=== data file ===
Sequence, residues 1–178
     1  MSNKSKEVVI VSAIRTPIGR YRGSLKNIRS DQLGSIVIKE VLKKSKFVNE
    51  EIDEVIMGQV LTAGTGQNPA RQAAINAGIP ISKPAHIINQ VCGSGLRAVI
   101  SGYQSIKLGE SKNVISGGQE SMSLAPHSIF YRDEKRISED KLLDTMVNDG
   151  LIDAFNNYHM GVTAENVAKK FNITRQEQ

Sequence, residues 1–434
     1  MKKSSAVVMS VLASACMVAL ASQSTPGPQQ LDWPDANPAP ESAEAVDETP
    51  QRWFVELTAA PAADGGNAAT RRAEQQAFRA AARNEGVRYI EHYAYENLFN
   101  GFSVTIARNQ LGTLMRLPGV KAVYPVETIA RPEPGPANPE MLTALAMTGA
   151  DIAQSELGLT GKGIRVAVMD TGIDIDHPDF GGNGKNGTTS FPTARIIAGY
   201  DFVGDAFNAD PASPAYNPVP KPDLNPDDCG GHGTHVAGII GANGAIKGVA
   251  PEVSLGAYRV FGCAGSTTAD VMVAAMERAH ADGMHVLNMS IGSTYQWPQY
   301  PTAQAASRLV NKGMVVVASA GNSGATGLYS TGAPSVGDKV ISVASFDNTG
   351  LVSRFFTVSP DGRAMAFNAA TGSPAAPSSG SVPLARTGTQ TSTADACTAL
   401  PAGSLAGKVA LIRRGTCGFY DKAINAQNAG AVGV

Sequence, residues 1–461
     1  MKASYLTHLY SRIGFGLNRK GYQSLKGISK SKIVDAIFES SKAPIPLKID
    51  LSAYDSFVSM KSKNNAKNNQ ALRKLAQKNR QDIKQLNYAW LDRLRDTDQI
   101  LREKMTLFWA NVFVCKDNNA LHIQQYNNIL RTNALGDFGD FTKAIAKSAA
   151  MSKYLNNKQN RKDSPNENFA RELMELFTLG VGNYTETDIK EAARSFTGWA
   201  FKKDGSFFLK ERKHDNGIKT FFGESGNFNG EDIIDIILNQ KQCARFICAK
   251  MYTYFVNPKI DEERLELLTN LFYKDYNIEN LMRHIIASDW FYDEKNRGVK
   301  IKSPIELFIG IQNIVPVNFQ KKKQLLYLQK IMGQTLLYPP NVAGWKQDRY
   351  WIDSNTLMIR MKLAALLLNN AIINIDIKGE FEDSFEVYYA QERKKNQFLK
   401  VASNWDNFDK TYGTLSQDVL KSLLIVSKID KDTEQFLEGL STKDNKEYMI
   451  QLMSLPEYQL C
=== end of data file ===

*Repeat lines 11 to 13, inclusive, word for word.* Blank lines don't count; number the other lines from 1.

   201  DFVGDAFNAD PASPAYNPVP KPDLNPDDCG GHGTHVAGII GANGAIKGVA
   251  PEVSLGAYRV FGCAGSTTAD VMVAAMERAH ADGMHVLNMS IGSTYQWPQY
   301  PTAQAASRLV NKGMVVVASA GNSGATGLYS TGAPSVGDKV ISVASFDNTG